Story by Ashley Traylor, Staff writer
During a luncheon Saturday at Murray State, Kentucky’s Lt. Gov. Jenean Hampton apologized for and sought to clarify the statement she made last week to the editorial board of Eastern Kentucky’s student newspaper, the Eastern Progress. The Kentucky Black Caucus of Local Elected Officials, KBC-LEO, where she was the keynote speaker, gave her just the opportunity to do so.
Hampton told the Eastern Progress editorial board, “I would not be studying history, unless I have a job lined up.”
The end of Hampton’s speech was followed by a question and answer session, where a member of the audience asked Hampton to clarify her comments about how students should not major in history because it seemed she was dismissive of the major.
Hampton said she was not dismissive of history and that was not her intention to make history seem unimportant.
“Given the economic downturn, I would be studying something that would make me immediately employable right outside of graduation,” Hampton said.
Several audience members told Hampton there are jobs for history majors to pursue, such as business and law, and Hampton apologized for not realizing the jobs waiting for history majors.
She said engineers and computer majors are hired with fairly-high salaries, and during the economic downturn of the ’70s ,computer workers at her job were not let go.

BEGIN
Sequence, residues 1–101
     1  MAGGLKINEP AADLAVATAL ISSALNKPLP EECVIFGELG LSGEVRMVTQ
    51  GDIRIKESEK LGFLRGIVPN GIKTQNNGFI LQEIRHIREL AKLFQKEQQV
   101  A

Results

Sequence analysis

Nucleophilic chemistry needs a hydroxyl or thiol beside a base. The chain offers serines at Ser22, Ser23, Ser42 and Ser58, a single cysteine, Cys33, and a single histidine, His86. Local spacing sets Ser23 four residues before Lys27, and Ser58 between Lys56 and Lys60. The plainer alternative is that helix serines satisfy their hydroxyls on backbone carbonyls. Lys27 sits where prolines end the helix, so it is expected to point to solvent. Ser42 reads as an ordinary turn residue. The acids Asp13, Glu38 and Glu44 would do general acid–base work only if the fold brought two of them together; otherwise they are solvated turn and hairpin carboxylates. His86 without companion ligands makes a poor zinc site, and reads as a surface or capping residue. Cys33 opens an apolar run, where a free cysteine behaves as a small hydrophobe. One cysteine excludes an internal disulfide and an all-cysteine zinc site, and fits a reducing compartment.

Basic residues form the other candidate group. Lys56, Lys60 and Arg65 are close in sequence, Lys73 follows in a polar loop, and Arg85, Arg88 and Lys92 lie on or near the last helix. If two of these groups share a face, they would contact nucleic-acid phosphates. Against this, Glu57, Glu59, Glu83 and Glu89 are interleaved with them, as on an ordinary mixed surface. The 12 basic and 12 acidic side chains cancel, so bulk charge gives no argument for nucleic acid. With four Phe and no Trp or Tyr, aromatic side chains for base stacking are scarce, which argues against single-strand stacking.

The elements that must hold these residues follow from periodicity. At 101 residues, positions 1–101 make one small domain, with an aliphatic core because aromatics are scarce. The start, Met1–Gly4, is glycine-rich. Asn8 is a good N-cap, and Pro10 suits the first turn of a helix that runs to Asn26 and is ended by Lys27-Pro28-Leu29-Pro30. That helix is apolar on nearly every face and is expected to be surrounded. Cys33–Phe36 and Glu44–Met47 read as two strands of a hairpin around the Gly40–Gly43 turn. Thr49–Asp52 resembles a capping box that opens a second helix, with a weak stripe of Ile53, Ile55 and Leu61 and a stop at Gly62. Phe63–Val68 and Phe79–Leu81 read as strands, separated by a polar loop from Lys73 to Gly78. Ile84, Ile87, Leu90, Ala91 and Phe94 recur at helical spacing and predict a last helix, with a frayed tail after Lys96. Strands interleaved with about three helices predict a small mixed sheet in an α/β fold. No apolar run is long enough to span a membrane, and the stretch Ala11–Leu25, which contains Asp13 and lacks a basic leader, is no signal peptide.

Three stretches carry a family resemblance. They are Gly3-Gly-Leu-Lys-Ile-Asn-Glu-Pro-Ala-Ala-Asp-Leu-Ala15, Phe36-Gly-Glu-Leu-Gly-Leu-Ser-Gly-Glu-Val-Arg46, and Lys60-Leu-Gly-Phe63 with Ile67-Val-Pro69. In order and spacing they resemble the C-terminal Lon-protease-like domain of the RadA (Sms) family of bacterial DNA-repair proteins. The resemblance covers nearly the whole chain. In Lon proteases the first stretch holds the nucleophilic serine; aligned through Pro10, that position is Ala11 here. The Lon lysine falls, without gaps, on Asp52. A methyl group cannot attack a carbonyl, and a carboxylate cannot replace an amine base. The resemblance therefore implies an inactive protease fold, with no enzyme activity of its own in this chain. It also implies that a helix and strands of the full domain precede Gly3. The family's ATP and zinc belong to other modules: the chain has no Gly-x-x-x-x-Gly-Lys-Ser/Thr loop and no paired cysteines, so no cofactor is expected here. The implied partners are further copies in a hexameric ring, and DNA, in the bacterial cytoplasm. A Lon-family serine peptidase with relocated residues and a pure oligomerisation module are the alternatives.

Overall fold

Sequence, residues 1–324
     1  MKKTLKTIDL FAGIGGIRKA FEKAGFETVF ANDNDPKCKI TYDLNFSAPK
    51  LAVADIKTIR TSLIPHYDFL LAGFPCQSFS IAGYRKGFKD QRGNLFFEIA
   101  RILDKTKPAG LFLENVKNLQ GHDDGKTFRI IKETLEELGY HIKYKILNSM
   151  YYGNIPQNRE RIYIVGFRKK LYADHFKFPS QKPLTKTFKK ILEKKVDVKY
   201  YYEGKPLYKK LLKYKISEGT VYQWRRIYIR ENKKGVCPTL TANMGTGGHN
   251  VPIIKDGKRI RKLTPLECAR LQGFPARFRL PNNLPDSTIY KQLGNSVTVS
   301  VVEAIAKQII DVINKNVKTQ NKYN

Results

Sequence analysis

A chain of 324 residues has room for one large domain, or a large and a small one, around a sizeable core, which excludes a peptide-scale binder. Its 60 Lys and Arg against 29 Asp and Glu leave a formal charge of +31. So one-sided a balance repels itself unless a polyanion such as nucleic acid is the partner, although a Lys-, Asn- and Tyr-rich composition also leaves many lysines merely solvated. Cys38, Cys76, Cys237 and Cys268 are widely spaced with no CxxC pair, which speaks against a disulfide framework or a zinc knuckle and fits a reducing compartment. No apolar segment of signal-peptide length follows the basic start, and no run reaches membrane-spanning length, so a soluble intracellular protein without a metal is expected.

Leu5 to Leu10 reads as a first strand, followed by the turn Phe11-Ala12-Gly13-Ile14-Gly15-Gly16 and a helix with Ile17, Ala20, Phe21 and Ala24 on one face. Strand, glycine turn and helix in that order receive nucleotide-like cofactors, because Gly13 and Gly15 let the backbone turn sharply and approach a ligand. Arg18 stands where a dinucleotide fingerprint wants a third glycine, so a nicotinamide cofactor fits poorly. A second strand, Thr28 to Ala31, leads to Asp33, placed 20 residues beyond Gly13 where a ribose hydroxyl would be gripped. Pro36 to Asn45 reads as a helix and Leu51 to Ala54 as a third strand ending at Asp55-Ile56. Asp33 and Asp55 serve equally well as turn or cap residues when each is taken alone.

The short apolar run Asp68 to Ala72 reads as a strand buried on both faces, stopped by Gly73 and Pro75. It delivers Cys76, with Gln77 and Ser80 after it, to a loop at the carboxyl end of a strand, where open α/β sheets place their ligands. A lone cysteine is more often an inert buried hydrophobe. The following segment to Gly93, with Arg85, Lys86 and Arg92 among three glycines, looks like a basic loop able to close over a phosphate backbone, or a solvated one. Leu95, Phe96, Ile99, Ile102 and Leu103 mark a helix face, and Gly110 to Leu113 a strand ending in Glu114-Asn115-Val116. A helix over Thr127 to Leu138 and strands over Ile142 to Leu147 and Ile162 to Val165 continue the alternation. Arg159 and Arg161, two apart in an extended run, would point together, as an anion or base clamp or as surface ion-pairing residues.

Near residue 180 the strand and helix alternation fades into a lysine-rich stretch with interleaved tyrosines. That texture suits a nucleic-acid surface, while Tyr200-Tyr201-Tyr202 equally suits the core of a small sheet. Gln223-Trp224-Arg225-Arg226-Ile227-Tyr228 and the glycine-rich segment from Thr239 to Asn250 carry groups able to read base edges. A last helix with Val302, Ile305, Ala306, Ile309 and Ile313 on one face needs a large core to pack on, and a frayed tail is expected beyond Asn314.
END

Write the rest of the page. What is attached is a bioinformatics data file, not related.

“It was the first time I became aware of the advantages of being in a career field that was marketable,” Hampton said.
Hampton’s comment to Eastern Progress was similar to Gov. Matt Bevin’s comment in January.
“There will be more incentives to electrical engineers than French literature majors. There just will,” Bevin said. “All the people in the world that want to study French literature can do so, they are just not going to be subsidized by the taxpayer.”
Hampton spoke about growing up in a poor home in Detroit but with hard work pursued engineering. After graduation, she was offered two engineering jobs but declined, in order to enter the United States Air Force.
She was the first in her family to go to college in her family and claimed she would not be where she is today without education.
Hampton said she would like to see Kentucky become the home of entrepreneurship and a state of lifelong learners.
The proposed budget put aside $100 million for workforce development, but Rep. Reginald Meeks, D-Louisville, said during the legislative update Friday that $75 million of the $100 million was federal money.
Hampton said she is determined to make Kentucky a place where things are made and manufactured and we need to train people to take advantage of these opportunities.
Hampton said she was in favor of expanding educational opportunities for students, but Bevin moved to cut 4.5 percent to higher education before June 30.
At the Kentucky Black Caucus legislative update, Kentucky state Reps. Jeffrey Taylor, D-Hopkinsville, George Brown, D-Lexington and Meeks, as well as Raoul Cunningham of the NAACP of Kentucky, gave a legislature update stressing the importance of education funding.
Each representative said he refused to cut education but said they want to restore $90 million for K-12 and $250 million for postsecondary education.
We will not sacrifice our teachers, students and Kentucky’s future, Meeks said during his part of the budget.
“I am in this race even though I am a reluctant politician because I really want to give back to private sector, but I am in this because I truly believe that Kentucky can just be something phenomenal,” Hampton said.